Allow private hospitals to train own specialists

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Allow private hospitals to train own specialists

Allowing private hospitals train their own specialists could benefit hundreds of medical officers who are waiting for contracts or permanent jobs.

Datuk Dr Kuljit Singh, president of Association of Private Hospitals Malaysia (APHM), said this was pitched to Health Minister Khairy Jamaluddin in a recent discussion.

“Opportunities for medical officers to be trained as specialists and then given a post in the government sector are limited. To make things worse, the current practice of medicine and surgery in private hospitals is very much dependent on specialists who are trained and experienced in the public system,” he said in a statement today.

Kuljit acknowledged that a large number of doctors leaving the public sector was a legitimate concern but said the greater worry at this point was the lack of opportunities for younger doctors to be trained as specialists and later serve in public or private hospitals.

“It has been known that private healthcare also contributes greatly to a segment of patients in this country and increases tax income and job opportunities to the non-specialists such as private nurses, allied health and administrators.”

He urged the government for assurance that slots in local public medical universities could be attained on a yearly basis in multiple disciplines, to expedite the training of candidates funded by private hospitals.

Dr Kuljit said currently, there is a private specialisation programme conducted by Kumpulan Perubatan Johor (KPJ) Healthcare University College (KPJUC).

He hoped that this programme could be further accredited to accommodate a larger number of doctors in multiple specialisations.

Besides KPJUC, he said other private hospitals may embark on their own programmes but the process could be tedious and complicated.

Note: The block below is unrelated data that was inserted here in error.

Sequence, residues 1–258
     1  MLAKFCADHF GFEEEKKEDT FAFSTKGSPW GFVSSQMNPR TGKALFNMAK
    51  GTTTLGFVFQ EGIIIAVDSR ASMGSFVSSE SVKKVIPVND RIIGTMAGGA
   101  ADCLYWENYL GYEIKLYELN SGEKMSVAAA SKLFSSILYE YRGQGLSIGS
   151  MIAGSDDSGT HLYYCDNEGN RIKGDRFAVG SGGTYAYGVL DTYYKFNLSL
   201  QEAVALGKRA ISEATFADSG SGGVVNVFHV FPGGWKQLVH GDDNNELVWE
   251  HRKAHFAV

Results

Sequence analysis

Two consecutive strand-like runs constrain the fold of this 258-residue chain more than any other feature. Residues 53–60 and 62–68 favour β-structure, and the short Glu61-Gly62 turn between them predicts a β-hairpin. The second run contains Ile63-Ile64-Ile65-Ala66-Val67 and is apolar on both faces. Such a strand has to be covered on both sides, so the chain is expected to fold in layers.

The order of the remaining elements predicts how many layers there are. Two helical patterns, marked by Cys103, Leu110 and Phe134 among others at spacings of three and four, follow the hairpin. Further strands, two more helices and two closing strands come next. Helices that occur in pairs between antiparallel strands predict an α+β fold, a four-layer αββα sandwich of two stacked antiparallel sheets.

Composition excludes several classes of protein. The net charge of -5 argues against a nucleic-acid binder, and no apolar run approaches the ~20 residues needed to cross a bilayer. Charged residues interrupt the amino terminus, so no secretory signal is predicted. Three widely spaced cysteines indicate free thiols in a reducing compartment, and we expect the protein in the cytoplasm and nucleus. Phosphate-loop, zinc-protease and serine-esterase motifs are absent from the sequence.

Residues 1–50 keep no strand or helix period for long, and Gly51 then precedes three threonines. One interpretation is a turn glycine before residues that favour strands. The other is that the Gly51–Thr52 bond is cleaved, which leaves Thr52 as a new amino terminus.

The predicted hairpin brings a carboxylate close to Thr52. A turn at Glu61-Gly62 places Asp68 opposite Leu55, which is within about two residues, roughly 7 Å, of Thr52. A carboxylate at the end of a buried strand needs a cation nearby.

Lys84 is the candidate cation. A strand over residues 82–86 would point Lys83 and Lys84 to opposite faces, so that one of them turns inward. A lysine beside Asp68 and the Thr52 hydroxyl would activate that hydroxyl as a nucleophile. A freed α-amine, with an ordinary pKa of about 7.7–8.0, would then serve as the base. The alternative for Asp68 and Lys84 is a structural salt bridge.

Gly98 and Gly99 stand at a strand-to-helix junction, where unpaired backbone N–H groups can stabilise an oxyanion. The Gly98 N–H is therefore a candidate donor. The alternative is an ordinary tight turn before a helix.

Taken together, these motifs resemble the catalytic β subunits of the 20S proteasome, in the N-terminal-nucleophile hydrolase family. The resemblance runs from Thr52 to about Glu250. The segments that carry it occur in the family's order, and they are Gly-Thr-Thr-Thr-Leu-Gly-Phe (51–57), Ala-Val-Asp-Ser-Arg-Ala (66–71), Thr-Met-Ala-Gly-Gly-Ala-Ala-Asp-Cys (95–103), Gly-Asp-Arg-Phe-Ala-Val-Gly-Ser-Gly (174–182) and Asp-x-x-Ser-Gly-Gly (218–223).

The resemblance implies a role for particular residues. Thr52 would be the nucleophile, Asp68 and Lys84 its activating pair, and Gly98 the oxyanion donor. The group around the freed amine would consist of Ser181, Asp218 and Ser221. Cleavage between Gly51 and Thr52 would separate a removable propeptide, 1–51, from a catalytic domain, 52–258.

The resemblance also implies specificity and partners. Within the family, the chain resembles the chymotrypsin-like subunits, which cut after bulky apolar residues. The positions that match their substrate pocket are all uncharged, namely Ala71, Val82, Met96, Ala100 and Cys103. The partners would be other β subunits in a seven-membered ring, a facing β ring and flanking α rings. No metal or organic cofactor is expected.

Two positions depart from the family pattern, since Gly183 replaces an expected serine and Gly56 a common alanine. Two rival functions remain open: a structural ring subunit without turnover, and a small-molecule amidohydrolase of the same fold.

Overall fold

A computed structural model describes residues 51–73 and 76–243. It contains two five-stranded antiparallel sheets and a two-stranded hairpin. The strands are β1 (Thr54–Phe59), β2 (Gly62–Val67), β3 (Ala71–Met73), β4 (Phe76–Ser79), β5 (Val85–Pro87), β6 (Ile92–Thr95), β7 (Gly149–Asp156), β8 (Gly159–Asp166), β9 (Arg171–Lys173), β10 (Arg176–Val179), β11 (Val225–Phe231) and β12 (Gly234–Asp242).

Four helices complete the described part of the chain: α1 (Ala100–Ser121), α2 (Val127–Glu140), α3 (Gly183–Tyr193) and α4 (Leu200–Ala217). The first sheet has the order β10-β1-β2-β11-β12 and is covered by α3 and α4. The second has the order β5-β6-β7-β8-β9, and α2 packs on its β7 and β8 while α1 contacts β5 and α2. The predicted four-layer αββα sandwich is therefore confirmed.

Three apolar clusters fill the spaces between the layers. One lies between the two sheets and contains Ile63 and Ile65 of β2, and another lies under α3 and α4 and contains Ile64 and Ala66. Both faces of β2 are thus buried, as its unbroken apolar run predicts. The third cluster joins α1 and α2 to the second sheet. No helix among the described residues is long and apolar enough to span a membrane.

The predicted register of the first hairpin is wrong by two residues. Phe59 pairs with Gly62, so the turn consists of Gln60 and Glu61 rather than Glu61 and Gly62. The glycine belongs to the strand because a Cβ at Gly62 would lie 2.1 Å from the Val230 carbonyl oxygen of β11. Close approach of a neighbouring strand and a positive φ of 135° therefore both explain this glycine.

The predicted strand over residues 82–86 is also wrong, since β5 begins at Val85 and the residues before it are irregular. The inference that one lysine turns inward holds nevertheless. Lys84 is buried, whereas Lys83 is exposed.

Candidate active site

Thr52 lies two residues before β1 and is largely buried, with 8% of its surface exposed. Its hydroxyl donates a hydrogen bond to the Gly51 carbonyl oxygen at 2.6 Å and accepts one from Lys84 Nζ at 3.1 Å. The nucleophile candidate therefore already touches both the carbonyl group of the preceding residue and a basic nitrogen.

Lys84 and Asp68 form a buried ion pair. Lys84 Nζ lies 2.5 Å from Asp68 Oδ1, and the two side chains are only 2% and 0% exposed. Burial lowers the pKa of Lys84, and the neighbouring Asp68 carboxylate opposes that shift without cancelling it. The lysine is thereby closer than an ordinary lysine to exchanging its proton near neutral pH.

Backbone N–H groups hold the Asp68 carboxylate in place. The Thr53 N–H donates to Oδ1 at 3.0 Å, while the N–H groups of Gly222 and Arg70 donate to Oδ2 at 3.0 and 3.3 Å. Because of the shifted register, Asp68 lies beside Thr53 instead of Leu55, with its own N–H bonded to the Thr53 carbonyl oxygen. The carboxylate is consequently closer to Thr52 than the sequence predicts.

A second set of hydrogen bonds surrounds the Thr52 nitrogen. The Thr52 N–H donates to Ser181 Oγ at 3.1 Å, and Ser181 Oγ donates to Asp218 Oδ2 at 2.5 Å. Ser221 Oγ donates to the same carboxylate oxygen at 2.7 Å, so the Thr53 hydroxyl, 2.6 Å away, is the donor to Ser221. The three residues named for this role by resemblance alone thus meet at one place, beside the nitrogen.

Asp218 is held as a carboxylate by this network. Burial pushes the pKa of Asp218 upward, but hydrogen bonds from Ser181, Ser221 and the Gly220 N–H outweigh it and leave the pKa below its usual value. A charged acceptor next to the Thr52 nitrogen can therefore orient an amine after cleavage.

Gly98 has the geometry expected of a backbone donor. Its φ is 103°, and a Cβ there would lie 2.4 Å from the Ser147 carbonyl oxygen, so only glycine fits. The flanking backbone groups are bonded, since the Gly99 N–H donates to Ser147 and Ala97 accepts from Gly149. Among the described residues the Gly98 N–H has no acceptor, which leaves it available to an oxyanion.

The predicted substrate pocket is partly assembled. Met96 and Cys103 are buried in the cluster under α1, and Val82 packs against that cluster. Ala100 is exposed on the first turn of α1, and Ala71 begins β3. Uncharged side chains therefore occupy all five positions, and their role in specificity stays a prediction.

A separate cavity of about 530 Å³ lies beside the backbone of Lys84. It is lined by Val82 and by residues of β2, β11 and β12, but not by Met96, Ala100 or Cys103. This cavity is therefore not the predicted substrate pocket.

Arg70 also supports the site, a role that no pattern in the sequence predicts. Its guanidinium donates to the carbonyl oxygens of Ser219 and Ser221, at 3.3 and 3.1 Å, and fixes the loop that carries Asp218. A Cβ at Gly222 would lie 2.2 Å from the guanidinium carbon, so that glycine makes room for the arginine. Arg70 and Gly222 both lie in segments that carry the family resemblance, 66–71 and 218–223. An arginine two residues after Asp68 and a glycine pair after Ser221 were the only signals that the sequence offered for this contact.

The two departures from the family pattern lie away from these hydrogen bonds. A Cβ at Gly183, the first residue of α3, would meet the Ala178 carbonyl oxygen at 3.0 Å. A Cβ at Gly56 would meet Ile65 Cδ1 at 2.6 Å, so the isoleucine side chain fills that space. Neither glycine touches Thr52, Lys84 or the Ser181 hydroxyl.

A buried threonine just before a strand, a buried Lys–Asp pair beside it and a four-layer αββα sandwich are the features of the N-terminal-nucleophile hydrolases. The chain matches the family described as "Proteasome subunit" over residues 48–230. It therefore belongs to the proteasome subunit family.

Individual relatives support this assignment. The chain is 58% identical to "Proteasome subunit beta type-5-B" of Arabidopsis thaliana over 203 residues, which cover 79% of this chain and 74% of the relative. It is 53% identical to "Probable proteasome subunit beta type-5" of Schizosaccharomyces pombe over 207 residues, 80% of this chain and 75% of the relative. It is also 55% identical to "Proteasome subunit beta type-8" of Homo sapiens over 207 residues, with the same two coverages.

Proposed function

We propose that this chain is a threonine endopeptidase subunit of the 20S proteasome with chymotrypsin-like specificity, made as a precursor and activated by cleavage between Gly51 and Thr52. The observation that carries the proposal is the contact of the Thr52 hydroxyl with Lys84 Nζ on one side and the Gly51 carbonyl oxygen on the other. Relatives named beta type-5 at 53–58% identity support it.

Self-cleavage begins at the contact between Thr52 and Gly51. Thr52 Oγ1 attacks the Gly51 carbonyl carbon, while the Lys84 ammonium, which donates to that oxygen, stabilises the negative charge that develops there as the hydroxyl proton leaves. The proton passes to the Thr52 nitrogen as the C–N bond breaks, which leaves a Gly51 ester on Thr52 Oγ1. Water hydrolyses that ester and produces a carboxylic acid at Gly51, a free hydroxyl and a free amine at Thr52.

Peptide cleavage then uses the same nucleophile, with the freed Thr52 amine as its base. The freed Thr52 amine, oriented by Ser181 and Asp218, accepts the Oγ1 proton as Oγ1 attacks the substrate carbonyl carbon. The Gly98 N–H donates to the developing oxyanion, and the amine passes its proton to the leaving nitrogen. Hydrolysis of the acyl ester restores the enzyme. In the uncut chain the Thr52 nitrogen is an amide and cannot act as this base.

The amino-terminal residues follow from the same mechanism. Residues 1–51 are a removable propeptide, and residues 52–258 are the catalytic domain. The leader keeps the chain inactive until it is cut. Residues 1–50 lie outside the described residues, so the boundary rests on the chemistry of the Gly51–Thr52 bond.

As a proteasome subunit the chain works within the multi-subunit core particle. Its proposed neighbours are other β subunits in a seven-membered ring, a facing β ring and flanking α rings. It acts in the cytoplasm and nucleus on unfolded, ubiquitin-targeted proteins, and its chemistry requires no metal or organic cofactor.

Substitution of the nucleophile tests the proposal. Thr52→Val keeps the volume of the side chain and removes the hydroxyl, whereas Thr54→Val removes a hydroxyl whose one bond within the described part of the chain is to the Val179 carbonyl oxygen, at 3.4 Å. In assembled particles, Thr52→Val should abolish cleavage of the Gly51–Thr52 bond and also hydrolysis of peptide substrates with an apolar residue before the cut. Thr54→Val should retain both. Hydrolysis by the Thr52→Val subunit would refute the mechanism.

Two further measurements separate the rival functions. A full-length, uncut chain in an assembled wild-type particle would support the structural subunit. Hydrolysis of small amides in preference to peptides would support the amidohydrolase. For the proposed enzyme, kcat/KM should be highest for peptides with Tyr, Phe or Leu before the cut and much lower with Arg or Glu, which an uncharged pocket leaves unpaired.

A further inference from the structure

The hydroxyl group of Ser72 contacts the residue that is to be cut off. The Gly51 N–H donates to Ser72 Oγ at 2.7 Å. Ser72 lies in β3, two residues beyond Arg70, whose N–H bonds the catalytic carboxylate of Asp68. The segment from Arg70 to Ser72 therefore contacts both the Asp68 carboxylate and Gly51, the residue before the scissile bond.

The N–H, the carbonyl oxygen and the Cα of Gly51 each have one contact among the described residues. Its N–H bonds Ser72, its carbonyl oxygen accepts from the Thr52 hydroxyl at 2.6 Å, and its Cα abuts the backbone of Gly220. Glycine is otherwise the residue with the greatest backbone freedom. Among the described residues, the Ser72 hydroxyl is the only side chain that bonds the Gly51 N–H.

“Private hospitals could also have an international training programme with international colleges for membership and fellowship as an option.

“This is the hope of getting on the National Specialist Register, based on experience and exposure gained in private hospitals. These candidates sponsored by private hospitals will have long-term bonds to serve their patients,” he said.

In July, the ‘Hartal Doktor Kontrak’ movement had mobilised hundreds of contract workers to walk out of work to pressure the government to offer doctors better terms and permanent positions.

A special committee was set up to come up with long-term solutions on the issue and the committee was now looking at amending related acts including the medical and dental acts.

In Nov, Khairy told Dewan Rakyat that a total 4,186 contract workers who had completed two years of compulsory service with the Health Ministry had been referred to the Public Services Department for permanent postings.

He said the budget needed for the workers which includes 3,586 medical officers and 300 dental and pharmaceutical officers was RM377,485,089.

Khairy said the contract workers in question were taken from a pool of 10,583 who had completed their two years of compulsory service and had their service extended for another two years to enable them to continue working as well as specialise within this period

He also told the house that the ministry was in talks with the Public Services Department to amend the Pensions Act to offer jobs on a permanent basis by utilising the Employees Provident Fund scheme.

Khairy had noted that since the end of 2016, all doctors who passed have been appointed on a contract basis.

Of the 24,000 on contract, he said only 1,000 plus have been offered permanent positions, and that it was a legacy issue that had to be addressed immediately. Nst

Allow private hospitals to train own specialists

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